If you’re a Canadian business owner planning to buy a home, you’re going to find the mortgage application process is a bit more arduous than usual. Lenders will want to perform more due diligence, but it’s just the nature of being self-employed. The good news is, this blog will help you to avoid common pitfalls that catch other aspiring homeowners off guard.
The key to a good mortgage application is learning to think like a lender. What motivates them, and what scares them.
So, if you want a single word to sum up what a lender cares about, it’s ‘risk’. If you can offer them a low-risk opportunity, they can provide you with a more competitive interest rate.
With that in mind, let’s discuss what they consider to be ‘risky signals’ and what you can do about them:
Signal #1 – New Businesses
- Problem: Most lenders require at least a two-year track record for businesses. They’ve been known to make exceptions for professionals like doctors and engineers, as well as people starting a new business in an industry where they’ve already had a long career.
- Solution: If you’ve been in the same industry for many years, start a pre-approval and get the lender to confirm they’ll accept your income. If not, just wait until you’ve filed taxes for two years before you try to buy a home.
Signal #2 – ‘Low’ Income
- Problem: The more you write off, the lower your taxable income. Fantastic for tax planning, but you’ll need to prove that this income should be counted in your application.
- Solution: Some lenders offer a ‘stated income’ program, meaning they’ll look at revenues and expenses instead of tax returns to try and get a more realistic assessment of your income. Sometimes those estimates are still too conservative, and you might be better off writing off fewer expenses for two years to demonstrate a higher income. Speak with your tax accountant if you think that’s a good option.
Signal #3 – Weak Cash Reserves
- Problem: You need to be able to demonstrate that even after a down payment, you have cash in hand to cover unforeseen expenses.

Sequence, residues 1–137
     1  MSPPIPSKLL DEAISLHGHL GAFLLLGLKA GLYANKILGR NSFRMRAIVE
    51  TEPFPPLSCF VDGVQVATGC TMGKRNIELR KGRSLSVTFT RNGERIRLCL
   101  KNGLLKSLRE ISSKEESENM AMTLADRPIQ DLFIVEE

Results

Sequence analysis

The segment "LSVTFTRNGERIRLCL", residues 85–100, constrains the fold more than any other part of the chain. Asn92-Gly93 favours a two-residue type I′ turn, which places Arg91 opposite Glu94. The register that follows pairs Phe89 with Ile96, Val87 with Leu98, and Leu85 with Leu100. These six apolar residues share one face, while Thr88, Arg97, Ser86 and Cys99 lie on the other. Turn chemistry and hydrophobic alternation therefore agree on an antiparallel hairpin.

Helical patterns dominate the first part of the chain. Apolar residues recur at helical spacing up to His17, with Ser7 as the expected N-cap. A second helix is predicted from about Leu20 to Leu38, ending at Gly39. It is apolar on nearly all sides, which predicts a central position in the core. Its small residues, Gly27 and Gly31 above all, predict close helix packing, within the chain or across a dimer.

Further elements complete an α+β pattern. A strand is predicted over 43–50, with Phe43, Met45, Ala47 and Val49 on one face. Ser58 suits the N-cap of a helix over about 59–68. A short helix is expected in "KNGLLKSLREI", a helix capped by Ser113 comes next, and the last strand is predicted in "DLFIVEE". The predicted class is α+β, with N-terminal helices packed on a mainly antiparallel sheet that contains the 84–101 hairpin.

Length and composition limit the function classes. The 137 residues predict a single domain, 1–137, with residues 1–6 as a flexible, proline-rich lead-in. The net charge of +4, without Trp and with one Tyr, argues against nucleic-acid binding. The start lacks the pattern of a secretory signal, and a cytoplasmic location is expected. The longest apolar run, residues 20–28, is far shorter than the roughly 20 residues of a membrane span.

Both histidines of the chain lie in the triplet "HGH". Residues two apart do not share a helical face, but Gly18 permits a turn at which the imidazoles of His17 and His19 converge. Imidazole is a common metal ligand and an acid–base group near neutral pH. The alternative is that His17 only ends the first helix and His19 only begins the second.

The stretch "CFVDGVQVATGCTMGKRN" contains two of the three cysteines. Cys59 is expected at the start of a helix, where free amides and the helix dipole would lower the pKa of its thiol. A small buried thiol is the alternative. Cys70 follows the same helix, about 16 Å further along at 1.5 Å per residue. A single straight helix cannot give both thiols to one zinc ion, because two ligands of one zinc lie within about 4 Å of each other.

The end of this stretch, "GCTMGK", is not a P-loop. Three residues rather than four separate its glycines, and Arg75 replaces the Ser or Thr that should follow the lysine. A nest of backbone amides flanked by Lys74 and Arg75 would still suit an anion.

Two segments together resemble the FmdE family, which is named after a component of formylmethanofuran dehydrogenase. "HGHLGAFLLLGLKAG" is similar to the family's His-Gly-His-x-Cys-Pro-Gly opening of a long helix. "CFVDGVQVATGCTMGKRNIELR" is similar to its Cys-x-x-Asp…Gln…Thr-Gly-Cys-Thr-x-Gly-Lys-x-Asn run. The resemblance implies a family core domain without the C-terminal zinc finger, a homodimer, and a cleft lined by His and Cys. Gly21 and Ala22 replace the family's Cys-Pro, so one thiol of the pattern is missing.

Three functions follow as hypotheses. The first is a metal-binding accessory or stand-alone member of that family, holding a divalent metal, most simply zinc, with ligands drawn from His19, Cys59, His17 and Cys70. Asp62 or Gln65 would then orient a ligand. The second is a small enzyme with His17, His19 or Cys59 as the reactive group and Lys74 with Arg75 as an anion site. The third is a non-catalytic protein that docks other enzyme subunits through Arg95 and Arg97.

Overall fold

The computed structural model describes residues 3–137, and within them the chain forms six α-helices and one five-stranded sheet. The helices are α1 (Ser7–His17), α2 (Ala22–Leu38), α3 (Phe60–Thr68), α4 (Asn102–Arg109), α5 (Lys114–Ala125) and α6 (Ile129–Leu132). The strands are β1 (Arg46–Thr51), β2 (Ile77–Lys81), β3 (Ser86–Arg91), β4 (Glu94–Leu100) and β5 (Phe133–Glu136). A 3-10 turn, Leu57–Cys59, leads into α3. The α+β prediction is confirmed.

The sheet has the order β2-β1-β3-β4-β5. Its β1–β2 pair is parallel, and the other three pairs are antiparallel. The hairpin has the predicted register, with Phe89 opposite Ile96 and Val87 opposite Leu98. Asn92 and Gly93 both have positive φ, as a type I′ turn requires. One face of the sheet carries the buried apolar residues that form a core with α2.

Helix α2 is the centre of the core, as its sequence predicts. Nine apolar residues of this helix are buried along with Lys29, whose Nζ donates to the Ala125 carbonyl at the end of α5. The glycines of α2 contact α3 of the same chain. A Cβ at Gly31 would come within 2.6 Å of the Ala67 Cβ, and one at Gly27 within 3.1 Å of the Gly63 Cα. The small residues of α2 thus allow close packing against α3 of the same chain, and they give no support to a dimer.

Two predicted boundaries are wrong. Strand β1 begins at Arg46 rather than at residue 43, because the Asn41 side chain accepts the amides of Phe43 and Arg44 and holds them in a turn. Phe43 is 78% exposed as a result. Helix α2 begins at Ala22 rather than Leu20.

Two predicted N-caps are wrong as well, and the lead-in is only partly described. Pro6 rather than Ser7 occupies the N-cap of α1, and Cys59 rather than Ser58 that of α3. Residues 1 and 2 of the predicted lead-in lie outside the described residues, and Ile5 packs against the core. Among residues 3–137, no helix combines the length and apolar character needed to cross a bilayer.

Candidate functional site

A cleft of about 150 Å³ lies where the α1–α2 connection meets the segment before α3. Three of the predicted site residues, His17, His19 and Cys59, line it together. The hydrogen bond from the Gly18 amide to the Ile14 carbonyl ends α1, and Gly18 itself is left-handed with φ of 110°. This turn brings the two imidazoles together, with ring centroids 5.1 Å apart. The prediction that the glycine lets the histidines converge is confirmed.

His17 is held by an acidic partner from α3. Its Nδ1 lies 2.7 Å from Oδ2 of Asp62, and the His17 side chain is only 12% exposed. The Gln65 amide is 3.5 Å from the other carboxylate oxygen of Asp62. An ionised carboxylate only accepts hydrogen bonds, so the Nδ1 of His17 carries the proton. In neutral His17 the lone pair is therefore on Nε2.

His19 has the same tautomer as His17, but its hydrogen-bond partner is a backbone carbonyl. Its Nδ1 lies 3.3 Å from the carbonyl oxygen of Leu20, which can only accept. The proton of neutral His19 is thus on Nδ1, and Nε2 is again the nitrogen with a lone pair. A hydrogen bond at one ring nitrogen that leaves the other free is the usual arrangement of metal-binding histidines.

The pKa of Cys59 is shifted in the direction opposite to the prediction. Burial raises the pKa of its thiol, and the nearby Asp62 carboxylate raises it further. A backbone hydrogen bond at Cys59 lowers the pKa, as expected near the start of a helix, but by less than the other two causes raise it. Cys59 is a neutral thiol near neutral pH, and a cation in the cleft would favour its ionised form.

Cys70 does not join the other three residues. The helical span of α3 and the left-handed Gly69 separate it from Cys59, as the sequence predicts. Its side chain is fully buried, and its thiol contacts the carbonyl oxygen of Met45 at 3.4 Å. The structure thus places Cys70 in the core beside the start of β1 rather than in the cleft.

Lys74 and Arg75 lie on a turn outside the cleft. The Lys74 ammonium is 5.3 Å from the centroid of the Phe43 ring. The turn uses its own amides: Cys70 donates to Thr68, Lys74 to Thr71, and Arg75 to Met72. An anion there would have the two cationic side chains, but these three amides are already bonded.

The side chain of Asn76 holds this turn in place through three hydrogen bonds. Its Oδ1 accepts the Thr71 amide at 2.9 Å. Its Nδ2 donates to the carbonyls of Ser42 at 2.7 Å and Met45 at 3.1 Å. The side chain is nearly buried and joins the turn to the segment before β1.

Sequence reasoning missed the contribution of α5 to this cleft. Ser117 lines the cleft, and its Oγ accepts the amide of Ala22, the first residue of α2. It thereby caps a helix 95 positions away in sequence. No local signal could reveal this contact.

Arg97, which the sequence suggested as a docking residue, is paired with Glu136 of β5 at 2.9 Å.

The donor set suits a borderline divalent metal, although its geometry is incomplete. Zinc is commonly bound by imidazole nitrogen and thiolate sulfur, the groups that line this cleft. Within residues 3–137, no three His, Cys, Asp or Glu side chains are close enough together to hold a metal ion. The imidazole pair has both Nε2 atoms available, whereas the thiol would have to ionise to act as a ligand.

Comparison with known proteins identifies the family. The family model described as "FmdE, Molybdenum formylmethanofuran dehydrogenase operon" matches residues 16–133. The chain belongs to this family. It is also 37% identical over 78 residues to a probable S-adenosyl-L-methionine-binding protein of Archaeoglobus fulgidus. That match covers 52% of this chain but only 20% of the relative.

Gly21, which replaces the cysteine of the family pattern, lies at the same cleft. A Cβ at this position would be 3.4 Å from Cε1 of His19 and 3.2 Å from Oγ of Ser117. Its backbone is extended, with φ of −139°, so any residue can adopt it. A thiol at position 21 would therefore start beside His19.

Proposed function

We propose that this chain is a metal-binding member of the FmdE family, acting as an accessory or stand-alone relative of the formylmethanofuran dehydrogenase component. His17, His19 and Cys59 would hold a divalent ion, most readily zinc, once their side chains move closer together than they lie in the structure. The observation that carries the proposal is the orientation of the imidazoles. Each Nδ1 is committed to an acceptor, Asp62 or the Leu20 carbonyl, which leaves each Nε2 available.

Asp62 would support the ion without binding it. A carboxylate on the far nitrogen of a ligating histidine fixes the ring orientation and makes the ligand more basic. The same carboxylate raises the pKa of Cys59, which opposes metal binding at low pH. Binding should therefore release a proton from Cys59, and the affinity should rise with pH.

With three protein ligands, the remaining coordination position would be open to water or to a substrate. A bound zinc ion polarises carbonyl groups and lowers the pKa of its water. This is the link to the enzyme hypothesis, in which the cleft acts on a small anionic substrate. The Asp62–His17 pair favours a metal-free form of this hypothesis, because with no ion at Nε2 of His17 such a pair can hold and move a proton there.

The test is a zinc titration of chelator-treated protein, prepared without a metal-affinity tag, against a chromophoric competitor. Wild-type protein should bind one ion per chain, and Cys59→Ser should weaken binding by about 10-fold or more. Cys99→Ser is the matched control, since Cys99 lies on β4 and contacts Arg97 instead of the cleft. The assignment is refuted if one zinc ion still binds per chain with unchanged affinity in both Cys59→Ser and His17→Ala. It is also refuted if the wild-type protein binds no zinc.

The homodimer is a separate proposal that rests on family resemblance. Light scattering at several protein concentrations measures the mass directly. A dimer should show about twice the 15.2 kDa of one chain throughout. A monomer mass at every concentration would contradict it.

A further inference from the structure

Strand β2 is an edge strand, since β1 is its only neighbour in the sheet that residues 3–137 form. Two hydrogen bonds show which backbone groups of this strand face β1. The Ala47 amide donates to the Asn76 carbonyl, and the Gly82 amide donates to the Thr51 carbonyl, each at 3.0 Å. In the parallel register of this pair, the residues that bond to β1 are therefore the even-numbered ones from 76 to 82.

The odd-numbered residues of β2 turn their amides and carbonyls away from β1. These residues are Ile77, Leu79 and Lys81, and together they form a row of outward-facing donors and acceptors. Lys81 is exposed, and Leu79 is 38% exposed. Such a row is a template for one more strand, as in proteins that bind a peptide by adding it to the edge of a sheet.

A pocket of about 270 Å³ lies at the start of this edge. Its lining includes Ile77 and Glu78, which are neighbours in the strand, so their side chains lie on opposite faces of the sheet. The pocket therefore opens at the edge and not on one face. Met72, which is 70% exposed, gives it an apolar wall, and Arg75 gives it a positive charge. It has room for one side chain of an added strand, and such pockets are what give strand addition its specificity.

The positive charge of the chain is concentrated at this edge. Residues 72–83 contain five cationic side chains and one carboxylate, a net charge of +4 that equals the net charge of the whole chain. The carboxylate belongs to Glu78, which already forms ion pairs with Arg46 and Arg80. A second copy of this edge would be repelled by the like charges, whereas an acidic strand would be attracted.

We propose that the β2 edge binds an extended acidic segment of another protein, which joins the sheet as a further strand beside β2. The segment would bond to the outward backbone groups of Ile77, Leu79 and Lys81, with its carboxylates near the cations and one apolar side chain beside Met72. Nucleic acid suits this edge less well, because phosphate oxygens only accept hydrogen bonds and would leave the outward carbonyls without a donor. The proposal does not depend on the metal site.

- Solution: Build up as much cash as possible leading up to buying a house. If you have the option, you’ll want to opt for a smaller down payment and keep more cash in your savings. Remember, most lenders offer generous pre-payment benefits, so you have the option to apply a lot of cash directly toward the mortgage down the road.
Signal #4 – Inconsistent Income
- Problem: Lenders want to see either a consistent income or a growing income, and will typically take the most conservative estimates. If for example in 2017 you earned $30,000 and 2018 you earned $130,000, they’ll take a blended average to estimate your buying power. If the reverse is true, where 2017 you earn $130,000 and 2018 earn $30,000, they’ll take the most recent year as your income.
- Solution: Keep this in mind when dealing with your accountant.
Documents You Need to Apply for a Mortgage
To be completely frank, the documentation requirements for business owners can feel pretty heavy. But, if you keep clean records, you should be able to collect them quite quickly. Here’s a quick list of what you’ll need to provide:
- Two years of financial statements prepared by an accountant (only if you’re incorporated)
- Documents detailing your year of incorporation
- 2 years of T1 generals for your personal and business returns
- Bank statements illustrating current cash flow and incoming income
- Your past notices of assessment for at least two years
Keep in mind, that’s a list of likely documents, but it’s by no means exhaustive. You’ll almost certainly be asked for more, so make sure you consult with your mortgage broker or banker early.
Even if you aren’t ready to buy right away, it can take time to prepare and build a strong. By taking the time to by keeping detailed documents, you can set yourself up for success and save a ton of money in the process.